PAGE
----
"Vengeance Born," Kylie Griffin

Pros: Fantastic new world; intriguing exploration of the development of friendship and love in the context of war and racism
Cons: Somewhat predictable
Rating: 4.5 out of 5

Review book courtesy of Penguin Group


Annika is the half-blood daughter of the Na’Reish leader. She was created as vengeance against her human family, and her demon father feels nothing but loathing for her. She’s had to learn to be clever and light on her feet to avoid pain and humiliation at the hands of her father and his people, while hiding a great gift for healing—that can also kill.

Kalan is a Light Blade warrior captured by the Na’Reish. Annika wants to use him to escape, promising him freedom in exchange for safe passage to—and within—human territory. If her father’s people find them, they’ll kill her. Kalan may kill her himself if he doesn’t learn to trust her. And if they reach human territory, well, then things really become dangerous.

Together they must convince the Council of the Light Blade warriors that change is coming, and that the Na’Reish are even more dangerous and numerous than previously realized. But the council is hiding dangerous secrets, and some of them are afraid of what Annika might represent.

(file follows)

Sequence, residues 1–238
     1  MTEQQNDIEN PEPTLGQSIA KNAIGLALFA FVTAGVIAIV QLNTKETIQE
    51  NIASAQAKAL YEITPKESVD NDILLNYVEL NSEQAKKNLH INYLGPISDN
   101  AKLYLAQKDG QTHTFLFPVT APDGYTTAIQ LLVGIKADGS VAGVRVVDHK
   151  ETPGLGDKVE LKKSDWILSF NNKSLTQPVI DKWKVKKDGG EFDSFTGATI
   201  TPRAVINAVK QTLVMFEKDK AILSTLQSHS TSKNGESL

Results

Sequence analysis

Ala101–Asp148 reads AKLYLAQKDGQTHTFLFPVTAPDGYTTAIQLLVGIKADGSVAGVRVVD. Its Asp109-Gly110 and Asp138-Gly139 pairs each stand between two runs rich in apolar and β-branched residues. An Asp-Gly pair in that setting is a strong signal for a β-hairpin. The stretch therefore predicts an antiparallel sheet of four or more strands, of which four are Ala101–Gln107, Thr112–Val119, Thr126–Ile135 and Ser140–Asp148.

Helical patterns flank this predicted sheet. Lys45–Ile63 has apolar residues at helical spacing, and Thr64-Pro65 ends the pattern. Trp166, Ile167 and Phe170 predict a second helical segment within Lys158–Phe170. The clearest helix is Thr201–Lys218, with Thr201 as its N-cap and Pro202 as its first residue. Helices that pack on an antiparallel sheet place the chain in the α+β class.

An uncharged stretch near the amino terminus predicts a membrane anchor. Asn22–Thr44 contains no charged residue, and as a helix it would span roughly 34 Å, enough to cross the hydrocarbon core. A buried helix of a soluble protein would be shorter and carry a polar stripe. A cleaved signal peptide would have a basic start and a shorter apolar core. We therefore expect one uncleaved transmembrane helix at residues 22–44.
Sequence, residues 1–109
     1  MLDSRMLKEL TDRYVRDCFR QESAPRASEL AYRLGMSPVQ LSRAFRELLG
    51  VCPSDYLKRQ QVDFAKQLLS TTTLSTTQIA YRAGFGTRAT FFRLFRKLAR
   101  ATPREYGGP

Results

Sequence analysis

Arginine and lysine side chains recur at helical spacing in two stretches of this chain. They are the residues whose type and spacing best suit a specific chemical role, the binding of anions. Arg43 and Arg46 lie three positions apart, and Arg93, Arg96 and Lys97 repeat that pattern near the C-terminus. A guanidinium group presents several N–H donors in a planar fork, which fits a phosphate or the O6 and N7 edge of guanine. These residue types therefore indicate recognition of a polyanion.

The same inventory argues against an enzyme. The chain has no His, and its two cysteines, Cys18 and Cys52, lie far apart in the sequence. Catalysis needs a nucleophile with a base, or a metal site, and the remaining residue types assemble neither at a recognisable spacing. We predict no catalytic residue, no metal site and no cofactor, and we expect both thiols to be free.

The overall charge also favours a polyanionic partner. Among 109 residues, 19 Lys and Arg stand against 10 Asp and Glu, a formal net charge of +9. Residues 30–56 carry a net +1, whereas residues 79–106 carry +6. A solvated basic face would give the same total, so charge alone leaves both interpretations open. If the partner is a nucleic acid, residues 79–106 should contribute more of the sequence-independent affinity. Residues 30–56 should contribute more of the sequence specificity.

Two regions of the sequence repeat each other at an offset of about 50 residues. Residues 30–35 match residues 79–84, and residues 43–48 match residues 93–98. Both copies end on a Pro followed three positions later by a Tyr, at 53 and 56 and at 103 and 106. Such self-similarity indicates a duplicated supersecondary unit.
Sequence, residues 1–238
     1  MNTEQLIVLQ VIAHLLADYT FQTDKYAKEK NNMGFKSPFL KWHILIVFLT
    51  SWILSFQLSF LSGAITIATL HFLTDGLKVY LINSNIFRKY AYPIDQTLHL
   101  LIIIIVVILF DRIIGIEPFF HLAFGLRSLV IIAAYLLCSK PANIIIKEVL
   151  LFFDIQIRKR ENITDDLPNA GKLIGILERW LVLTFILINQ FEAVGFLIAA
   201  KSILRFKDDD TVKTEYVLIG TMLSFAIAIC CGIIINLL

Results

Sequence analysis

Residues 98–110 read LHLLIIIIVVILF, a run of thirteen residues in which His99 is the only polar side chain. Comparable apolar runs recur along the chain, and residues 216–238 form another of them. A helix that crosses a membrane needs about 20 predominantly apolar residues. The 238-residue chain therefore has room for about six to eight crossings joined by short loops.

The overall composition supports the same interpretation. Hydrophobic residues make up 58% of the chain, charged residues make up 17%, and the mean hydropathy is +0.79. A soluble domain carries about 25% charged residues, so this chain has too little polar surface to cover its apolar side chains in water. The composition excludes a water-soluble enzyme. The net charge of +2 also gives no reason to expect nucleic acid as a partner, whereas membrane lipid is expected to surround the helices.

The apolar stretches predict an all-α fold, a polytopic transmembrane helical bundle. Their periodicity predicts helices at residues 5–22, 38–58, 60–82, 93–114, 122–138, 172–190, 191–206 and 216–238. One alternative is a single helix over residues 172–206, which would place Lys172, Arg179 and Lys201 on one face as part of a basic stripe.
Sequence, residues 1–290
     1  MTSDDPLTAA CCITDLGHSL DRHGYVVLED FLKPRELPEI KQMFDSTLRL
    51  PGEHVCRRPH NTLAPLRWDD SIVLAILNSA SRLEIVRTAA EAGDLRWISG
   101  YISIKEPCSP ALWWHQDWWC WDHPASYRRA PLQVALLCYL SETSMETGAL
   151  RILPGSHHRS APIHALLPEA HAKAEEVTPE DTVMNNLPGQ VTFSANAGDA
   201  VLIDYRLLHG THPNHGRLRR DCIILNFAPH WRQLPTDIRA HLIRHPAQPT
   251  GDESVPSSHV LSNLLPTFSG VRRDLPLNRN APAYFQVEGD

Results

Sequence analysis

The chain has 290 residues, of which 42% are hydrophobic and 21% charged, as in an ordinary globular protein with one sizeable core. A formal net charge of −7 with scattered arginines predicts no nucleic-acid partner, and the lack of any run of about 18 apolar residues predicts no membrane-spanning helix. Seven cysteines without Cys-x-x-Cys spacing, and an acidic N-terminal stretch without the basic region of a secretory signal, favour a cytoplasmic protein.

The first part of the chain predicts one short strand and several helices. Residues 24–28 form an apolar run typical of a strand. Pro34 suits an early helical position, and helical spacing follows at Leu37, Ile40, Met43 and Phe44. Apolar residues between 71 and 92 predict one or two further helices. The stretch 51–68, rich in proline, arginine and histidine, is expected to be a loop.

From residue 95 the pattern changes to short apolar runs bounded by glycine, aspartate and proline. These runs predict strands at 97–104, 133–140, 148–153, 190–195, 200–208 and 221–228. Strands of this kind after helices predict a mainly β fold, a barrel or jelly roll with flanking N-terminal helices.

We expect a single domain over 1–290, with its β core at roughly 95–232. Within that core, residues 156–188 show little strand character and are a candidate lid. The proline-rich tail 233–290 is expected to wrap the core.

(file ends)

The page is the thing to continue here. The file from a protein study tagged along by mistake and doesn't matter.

The worldbuilding in Kylie Griffin’s Vengeance Born (A Novel of the Light Blade) is wonderful. This is a creative world, with fascinating back-story and interesting characters. I could completely buy into and appreciate the difficulties the two leads faced in trusting each other and allowing themselves to feel for one another; in most contexts I’d be frustrated with the characters, but this was entirely understandable. The exploration of cross-racial relationships, particularly within the context of war, is lovely and touching.

The overall story arc is somewhat predictable, which is my only real negative. There are however some nice surprises along the way, and I particularly enjoyed seeing what happened once Annika found herself within the humans’ city. That’s when things truly get emotional and riveting, as racism, hatred, and old hurts threaten everything Annika and Kalan hold dear. I even ended up reading that part of the book a second time—it’s one of those fictions where it’s fascinating to go back and look at what came before knowing how the rest of the story ends. I’m certainly glad to have discovered Griffin’s Light Blade series.

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